“Consumer Privacy and Protection in the Mobile Marketplace” Hearing
The U.S. Senate Committee on Commerce, Science, and Transportation held yesterday a subcommittee hearing about “Consumer Privacy and Protection in the Mobile Marketplace.”
Chairman John D. (Jay) Rockefeller (D-WV) noted in his opening statement that “[t]he issue of mobile online privacy is an issue that affects nearly every American—young and old.”
Mr. David Vladeck, Director of the bureau of consumer protection of the Federal Trade Commission, remarked in his written testimony that “a single mobile device can facilitate data collection and sharing among many entities, including wireless providers, mobile operating system providers, handset manufacturers, app developers, analytics companies, and advertisers” (Vladeck testimony p. 11).
Do Not Track
A January 2010 FTC roundtable panel focused on the privacy implications of mobile technology. The FTC Staff Report, published in December 2010, proposed a new privacy framework which also applies to mobile technology. The Staff Report asked whether the implementation of a “Do Not Track” mechanism should “be extended beyond online behavioral advertising and include (…) behavioral advertising for mobile applications” (Staff Report p.98). Mr. Vladeck noted that the “FTC staff is currently examining the technology involved in a Do Not Track mechanism for mobile apps” (Vladeck testimony p. 18). Chairman Rockefeller introduced last week a bill, S.913, the Do-Not-Track Online Act of 2011, which would direct the FTC to establish standards by which consumers can inform online companies, including mobile applications, that they do not want their information collected.
Testimonies from Major Industry Players
Apple, Google and Facebook, representing the major players in the online mobile marketplace industry were invited to testify.
Mr. Bret Taylor, Chief Technology Officer of Facebook testified that Facebook users may also access the site via mobile devices, whether on the Internet or using an application. Facebook Platform, launched in 2007, allows third-parties to develop applications. Facebook also introduced Facebook Places last year, which allows users to share their real time location using their mobile devices, and “[w]ith an individual’s express permission, third-party developers can access location data” (Taylor testimony p. 12). Mr. Taylor pointed out that, in June 2010, Facebook “became the first provider to require developers to obtain “granular data permissions” before accessing individuals’ information” and that Facebook also offers its users a way to opt out entirely of the Platform and thus prevent their information from being shared with applications or websites (Taylor testimony p. 13).
Ms. Catherine A. Novelli , Vice President of Worldwide Government Affairs for Apple, explained how iPhone customers can turn off all location-based service capabilities of their mobile device, and pointed out that “Apple requires express customer consent when any application requests location based information for the first time” (Novelli Testimony p. 4). Ms. Novelli also explained the Apple “crowd-sourced database.” This secure database contains information about “known locations of cell towers and Wi-Fi access points – also referred to as Wi-Fi hotspots ” (Novelli Testimony p. 5). However, the database “does not reveal personal information about any customer” (Novelli Testimony p. 6).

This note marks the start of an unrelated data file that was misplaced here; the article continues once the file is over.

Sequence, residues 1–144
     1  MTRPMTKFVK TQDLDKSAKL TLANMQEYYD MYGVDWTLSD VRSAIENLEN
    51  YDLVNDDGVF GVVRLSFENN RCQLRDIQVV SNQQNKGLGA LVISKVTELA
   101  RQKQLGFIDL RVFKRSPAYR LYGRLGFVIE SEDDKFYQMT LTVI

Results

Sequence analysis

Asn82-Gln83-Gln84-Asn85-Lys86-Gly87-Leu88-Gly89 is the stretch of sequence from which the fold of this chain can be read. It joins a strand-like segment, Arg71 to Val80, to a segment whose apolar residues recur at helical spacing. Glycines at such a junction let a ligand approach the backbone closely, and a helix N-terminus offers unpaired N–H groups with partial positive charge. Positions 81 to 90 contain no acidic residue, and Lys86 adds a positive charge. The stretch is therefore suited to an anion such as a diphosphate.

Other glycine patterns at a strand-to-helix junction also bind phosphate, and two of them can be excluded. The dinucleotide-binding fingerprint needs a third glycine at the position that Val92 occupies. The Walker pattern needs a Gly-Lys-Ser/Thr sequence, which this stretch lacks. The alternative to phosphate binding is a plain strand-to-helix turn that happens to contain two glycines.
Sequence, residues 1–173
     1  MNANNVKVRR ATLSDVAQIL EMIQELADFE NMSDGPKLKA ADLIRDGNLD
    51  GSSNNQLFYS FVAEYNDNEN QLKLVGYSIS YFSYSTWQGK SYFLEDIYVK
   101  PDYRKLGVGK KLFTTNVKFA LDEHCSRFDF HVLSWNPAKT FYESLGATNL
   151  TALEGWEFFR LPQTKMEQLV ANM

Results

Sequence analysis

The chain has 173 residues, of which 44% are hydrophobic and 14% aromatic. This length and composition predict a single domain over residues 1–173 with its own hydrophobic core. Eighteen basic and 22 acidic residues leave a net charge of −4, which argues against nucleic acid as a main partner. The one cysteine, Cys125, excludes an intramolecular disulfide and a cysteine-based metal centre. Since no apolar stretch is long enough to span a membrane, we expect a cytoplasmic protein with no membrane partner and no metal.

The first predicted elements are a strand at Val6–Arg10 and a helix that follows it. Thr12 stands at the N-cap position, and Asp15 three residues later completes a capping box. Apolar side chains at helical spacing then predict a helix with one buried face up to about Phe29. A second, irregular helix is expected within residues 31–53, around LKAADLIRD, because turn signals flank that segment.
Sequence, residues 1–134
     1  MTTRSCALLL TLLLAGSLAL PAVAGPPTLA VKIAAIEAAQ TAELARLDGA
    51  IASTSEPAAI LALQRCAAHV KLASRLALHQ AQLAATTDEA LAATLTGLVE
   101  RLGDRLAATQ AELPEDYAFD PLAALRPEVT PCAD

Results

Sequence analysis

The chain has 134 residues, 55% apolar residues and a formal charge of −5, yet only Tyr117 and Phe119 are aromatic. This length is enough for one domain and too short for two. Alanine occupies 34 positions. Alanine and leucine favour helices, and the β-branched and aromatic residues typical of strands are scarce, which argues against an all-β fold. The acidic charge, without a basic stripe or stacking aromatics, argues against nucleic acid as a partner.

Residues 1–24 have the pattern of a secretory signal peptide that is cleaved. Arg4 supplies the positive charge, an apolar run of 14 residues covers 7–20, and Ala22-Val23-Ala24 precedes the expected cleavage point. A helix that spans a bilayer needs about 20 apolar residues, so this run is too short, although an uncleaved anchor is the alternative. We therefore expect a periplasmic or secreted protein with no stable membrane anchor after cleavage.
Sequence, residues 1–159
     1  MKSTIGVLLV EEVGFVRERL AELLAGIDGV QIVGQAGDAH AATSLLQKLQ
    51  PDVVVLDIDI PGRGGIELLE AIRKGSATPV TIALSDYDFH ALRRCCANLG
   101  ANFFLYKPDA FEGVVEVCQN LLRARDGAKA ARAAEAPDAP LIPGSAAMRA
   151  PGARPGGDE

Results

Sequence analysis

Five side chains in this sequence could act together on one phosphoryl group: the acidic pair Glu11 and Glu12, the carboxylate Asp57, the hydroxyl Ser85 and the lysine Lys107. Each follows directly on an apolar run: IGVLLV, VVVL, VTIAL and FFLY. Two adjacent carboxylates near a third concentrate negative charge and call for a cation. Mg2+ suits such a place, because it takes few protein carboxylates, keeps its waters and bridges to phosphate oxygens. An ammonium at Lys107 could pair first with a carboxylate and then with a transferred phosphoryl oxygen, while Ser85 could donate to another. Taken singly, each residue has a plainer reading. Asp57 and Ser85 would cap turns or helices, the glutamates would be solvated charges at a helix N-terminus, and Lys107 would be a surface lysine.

Mr. Alan Davidson, Google’s Director of Public Policy testified that “[l]ocation-based services provide tremendous consumer benefit” (Davidson Testimony p. 1), and that “[m]obile location data can even save lives” (Davidson Testimony p. 3). Google’s Android phone features opt-in location controls, and Google “[does not] collect any location information — any at all — through [its] location services on Android devices unless the user specifically chooses to share this information with Google”(Davidson Testimony p. 5).
The FTC is currently reviewing the COPPA Rule, and is asking for comment on whether the Rule should be changed because of technological changes in the online environment, including the broad usage of mobile phones by teenagers. Indeed, Chairman Rockefeller noted that seventy five percent of teenagers own a cell phone. Ms. Novelli pointed out that Apple developed parental controls allowing parents to set restriction on the use of Mac products, and that, “on Apple’s iOS mobile devices, parents can use the Restrictions settings to prevent their children from accessing specific device features, including Location Services” (Novelli Testimony p. 2).
The general public is becoming more aware that smart mobile devices and applications may be able to track them, following an article published by the Wall Street Journal last month revealing that both iPhones and Androids regularly transmit their locations to Apple and Google, respectively. Twitter, which can be used on mobile devices, announced on Tuesday that it now gives its users more control over which information they wish to share with third party applications. The Federal Communication Commission has announced a public forum on smart phone location tracking systems. We mentioned earlier this week on this blog that the European Union is also concerned about this issue. We can probably expect more legislative and industry initiatives in the near future.